updated March 31, 2020.
In the Learn-a-stitch Mini Sock series, several of the projects featured a potpourri of stitches. The colors and threads in each sock are related, but the stitches are not.
They also use a different outline, the Round Robin outline, pictured above. Click to see the outline full size.
This month’s mini-sock uses traditional Christmas colors of red and green and is designed around Caron’s Waterlilies in Holiday.
Patch 1 – Reverse Hesitation Stitch
Hesitation Stitch is a variation of Diagonal Scotch. In it, the smallest stitches are replaced with stitches in a different thread. It’s amazing how this little change really changes the look of the stitch. Hesitation Stitch always looks like oval-shaped diamonds to me, but Diagonal Scotch doesn’t look like either diamonds or ovals.
It’s a great stitch for almost any application.
Patch 2 – Triple Rice
This giant variation of Rice Stitch is so large that a Scotch Stitch (minus the smallest stitches) is used for the ties. Although it is a large stitch in a block, it doesn’t look big, just interestingly textured. The short stitches are always left out.
The left diagram shows the cross only; the right diagram shows the completed stitch.
It is also a fantastic stitch for a border, especially if you do the underlying cross in an attention-grabbing or flashy thread.
Patch 3 – Uneven Byzantine
Byzantine is one of my favorite stitches and I love to vary it. I’m particularly fond of variations where the steps are uneven. Depending on how different the number of stitches on each step are the look can be dramatic, subtle, or elegant. Here where the vertical step is four stitches and the horizontal is five, with a narrow Byzantine, I think the look is elegant and kind of Mid-Century Modern, looking like those broad shallow steps you find made out of flagstones in gardens.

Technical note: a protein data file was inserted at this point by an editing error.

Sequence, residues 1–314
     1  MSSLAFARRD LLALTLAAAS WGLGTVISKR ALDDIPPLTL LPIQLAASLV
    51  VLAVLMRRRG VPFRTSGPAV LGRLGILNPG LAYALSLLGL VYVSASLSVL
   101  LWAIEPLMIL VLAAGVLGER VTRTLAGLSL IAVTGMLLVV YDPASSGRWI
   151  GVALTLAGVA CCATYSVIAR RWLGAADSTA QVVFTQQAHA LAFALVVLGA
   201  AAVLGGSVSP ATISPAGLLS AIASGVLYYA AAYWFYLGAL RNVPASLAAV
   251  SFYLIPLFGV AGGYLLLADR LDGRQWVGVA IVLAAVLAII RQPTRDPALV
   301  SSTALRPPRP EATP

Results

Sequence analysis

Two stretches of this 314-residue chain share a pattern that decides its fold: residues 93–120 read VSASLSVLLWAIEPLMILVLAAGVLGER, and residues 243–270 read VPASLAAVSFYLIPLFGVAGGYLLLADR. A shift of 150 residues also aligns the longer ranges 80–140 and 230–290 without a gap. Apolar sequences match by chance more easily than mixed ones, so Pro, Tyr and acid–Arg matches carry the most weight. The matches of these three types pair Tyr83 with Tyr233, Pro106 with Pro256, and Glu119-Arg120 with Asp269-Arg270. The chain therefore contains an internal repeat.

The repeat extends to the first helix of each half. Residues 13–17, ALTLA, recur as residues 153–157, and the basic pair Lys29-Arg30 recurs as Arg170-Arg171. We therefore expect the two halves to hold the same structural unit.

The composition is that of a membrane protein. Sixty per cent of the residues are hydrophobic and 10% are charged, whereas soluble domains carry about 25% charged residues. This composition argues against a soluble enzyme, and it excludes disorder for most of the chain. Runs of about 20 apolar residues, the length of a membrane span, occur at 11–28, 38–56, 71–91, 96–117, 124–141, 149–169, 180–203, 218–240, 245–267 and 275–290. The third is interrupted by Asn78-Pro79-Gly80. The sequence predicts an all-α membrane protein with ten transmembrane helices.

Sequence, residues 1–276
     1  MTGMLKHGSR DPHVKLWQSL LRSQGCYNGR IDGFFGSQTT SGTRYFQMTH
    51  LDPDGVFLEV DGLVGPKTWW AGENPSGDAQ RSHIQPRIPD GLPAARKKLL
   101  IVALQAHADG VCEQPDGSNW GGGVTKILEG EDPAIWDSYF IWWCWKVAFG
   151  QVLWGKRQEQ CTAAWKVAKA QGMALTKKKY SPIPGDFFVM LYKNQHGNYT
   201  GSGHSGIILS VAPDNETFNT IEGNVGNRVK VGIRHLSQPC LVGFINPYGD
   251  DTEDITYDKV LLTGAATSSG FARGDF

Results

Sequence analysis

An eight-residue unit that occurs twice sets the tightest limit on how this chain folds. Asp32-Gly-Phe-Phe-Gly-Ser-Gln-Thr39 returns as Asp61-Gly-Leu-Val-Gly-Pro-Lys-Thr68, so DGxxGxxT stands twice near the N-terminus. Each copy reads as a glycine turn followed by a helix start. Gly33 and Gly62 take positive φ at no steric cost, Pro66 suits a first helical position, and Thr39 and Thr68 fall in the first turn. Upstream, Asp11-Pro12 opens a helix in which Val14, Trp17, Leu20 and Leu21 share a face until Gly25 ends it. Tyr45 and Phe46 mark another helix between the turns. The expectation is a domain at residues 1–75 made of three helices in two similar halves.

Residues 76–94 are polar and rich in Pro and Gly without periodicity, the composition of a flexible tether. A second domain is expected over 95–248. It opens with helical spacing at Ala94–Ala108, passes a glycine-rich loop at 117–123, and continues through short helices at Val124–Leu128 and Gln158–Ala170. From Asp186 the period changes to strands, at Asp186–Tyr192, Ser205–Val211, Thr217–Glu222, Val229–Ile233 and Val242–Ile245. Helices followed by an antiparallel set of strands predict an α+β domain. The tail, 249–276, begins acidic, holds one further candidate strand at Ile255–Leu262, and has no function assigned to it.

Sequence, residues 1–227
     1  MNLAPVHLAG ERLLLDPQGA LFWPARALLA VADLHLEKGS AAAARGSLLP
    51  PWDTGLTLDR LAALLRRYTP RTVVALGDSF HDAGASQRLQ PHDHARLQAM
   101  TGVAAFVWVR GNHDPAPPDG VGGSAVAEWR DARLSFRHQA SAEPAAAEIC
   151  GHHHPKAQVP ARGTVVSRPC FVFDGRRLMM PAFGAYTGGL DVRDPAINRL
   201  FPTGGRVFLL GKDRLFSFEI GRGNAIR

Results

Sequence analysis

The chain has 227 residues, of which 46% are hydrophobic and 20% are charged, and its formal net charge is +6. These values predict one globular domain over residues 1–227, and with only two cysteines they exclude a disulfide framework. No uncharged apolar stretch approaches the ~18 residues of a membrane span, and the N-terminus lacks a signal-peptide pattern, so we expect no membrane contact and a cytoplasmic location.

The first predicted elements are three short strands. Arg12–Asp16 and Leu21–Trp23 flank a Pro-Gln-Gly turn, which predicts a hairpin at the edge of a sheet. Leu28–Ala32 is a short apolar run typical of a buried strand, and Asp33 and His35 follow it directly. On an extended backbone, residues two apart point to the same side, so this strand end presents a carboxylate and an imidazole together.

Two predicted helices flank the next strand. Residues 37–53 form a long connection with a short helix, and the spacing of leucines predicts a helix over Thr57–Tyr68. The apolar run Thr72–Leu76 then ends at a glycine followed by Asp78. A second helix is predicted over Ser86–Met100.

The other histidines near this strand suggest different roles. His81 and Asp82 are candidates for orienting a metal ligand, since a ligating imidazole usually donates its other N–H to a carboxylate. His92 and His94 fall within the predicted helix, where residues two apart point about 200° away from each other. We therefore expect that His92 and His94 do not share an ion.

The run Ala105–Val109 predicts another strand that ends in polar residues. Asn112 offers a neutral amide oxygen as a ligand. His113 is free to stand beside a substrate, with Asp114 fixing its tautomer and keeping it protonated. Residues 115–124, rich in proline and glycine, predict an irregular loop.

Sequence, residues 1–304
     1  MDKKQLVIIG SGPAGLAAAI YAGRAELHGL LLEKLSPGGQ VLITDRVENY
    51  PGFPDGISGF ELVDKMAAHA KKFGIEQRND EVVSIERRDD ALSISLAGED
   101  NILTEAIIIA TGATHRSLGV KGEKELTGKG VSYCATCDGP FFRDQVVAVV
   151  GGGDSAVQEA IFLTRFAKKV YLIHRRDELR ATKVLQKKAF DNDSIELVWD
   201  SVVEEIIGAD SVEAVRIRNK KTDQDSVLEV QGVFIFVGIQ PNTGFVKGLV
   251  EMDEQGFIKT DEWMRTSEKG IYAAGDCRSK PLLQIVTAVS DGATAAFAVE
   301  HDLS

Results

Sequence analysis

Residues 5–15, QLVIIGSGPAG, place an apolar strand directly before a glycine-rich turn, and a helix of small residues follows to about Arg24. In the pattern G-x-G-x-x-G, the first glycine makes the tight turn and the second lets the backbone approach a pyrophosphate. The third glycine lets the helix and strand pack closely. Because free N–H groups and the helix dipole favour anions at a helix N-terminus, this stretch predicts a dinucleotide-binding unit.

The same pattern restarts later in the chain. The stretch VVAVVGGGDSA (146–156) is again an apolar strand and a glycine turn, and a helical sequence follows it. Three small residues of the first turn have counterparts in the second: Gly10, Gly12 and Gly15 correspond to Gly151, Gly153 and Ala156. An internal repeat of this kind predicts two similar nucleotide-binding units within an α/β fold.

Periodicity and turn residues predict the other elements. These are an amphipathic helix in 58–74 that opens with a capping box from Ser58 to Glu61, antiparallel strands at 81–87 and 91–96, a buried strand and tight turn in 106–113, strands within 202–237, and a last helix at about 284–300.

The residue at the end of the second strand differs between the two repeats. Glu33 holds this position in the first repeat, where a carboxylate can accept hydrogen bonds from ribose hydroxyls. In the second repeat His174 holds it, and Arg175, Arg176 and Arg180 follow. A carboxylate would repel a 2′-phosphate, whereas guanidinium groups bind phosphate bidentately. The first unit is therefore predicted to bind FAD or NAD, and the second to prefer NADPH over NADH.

Uneven Byzantine has become one of my go to stitches.
Patch 4 – Framed Scotch
When you surround a stitch with Tent Stitches, that’s called framing. Box Stitches are among the most popular to frame. Here Scotch is framed in a metallic of a different color. Make the frame in a contrasting color or texture and the frame stands out. Make it in the same thread and it is a textural variation.
This stitch looks best in large areas. It would also make a really cool wide border.
Patch 5 – Giant Annapolis Brick
This Cashmere-Scotch variation is named for brickwork you see all over Annapolis, MD. In it bricks are laid so that the long and short sides alternate. It makes a neat pattern that almost looks like columns. Because the units in this variation are large, it works best in bigger areas.